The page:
Philanthropy, especially through the community foundations, is a powerful catalyst for strengthening communities in Canada. Community foundations and their board members are interested and engaged in finding ways to make their communities a more vital place to live, work, and play. Community foundations strive to build stronger communities through philanthropic leadership. The goal of this project is to examine how community foundations can influence and participate in regional development in Newfoundland and Labrador. Regional development, for the purposes of this project, is conceived in a holistic manner encompassing social, cultural, humanitarian, community development, and capacity building.
Newfoundland and Labrador is a unique region when studying the effectiveness of community development through charitable giving. For at least 10 consecutive years, the province has held the highest charitable giving rates above all provinces and territories across Canada, with 92% of its population 15 or over partaking in philanthropic initiatives. As a region that heavily relieves on support from one another, it comes as no surprise that residents are willing to give back what they consider home. Ironically, the province has one of the lowest annual average donations per individual. This project digs deeper as it determines what may be attributed to these striking statistics.
How does the Community Foundation of Newfoundland and Labrador rank when compared to other community foundations throughout Atlantic Canada? As part of this project, researchers have administered surveys to each Atlantic Canadian community foundation to analyze the positive and negative virtues each foundation has, and to see what a common theme of community foundations is in the Maritimes. By determining what strengths and weaknesses are present throughout these community foundations, regions are able to contribute to community development more efficiently and effectively.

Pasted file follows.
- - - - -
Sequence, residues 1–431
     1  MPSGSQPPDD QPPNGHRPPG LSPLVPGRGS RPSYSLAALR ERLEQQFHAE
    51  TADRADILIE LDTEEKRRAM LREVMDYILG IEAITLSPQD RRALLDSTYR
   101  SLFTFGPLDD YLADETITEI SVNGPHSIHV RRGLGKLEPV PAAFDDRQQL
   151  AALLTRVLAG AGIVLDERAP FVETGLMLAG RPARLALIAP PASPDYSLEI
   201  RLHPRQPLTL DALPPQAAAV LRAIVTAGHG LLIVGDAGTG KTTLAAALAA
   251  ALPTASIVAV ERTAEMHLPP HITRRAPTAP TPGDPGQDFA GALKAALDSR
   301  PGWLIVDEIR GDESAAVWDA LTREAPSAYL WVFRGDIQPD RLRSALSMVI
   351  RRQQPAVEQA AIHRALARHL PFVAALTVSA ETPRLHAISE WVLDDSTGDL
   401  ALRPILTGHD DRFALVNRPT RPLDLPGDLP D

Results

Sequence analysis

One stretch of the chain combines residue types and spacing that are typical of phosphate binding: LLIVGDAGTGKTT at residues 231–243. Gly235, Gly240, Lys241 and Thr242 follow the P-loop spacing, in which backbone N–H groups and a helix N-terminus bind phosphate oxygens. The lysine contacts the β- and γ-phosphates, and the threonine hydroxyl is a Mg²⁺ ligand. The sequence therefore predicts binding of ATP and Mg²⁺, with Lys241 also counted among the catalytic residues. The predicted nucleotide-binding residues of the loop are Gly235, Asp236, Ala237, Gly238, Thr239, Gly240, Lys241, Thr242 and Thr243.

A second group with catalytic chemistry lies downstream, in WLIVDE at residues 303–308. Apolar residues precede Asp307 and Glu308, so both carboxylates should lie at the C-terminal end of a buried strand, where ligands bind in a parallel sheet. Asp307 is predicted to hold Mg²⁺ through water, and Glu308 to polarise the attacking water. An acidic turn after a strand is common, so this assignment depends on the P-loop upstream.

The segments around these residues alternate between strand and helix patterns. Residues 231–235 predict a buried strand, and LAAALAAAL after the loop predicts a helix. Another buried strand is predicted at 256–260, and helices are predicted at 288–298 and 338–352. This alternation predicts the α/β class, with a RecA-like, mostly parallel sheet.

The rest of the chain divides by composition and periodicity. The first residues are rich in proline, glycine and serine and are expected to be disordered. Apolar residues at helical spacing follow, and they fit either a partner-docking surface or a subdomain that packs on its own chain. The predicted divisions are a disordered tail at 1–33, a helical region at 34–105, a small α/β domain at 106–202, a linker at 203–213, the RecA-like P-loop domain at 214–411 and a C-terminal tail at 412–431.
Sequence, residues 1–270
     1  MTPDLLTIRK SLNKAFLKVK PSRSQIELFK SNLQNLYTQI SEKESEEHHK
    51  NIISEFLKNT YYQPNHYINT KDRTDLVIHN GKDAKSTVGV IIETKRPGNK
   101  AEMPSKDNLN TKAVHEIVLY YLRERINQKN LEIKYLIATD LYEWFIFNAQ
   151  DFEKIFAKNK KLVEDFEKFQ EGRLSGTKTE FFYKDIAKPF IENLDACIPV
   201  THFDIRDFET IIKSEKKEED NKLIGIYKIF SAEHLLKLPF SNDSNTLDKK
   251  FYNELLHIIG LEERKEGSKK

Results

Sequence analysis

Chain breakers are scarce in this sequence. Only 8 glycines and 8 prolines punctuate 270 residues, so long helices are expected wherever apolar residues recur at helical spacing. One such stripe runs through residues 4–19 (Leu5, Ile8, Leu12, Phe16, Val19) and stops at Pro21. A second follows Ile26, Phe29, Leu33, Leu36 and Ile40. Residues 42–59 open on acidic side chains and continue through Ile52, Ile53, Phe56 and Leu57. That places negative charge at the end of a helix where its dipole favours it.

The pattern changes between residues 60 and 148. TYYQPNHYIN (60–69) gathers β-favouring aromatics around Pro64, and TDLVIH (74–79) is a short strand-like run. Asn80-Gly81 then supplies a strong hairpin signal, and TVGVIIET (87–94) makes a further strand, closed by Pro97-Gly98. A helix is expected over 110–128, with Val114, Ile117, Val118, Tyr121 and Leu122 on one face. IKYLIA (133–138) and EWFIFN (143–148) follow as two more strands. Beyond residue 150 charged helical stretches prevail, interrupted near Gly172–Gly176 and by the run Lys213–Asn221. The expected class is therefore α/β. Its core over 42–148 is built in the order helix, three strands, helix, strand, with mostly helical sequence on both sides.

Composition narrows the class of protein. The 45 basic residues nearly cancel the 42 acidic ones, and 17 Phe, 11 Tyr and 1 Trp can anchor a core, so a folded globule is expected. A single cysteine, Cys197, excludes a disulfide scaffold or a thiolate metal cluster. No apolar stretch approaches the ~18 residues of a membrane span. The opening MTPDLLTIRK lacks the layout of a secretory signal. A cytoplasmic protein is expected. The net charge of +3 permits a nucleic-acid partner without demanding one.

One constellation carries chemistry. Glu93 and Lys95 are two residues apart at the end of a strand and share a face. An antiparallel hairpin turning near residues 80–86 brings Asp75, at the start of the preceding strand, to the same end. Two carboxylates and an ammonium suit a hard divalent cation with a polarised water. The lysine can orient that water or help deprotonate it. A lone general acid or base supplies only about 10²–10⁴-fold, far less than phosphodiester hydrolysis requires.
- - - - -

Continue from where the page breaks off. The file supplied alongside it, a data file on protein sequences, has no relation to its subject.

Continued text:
Over the past few years, there have been numerous cuts to regional development throughout Canada. Newfoundland and Labrador has suffered the loss of the Regional Economic Development Boards in the past two years, and Nova Scotia’s Regional Economic Development Agencies lost their funding in 2013. With government cutbacks, communities are seeking for a more sustainable solution, and philanthropy may be the answer they are looking for. By analyzing St. Anthony and St. John’s, researchers are using these two case studies in an effort to determine if philanthropy is making way for the future of regional development in Newfoundland and Labrador.
- Community Foundation of Newfoundland and Labrador
- Institute for Nonprofit Studies, Mount Royal University
- Leslie Harris Centre for Regional Policy and Development, Memorial University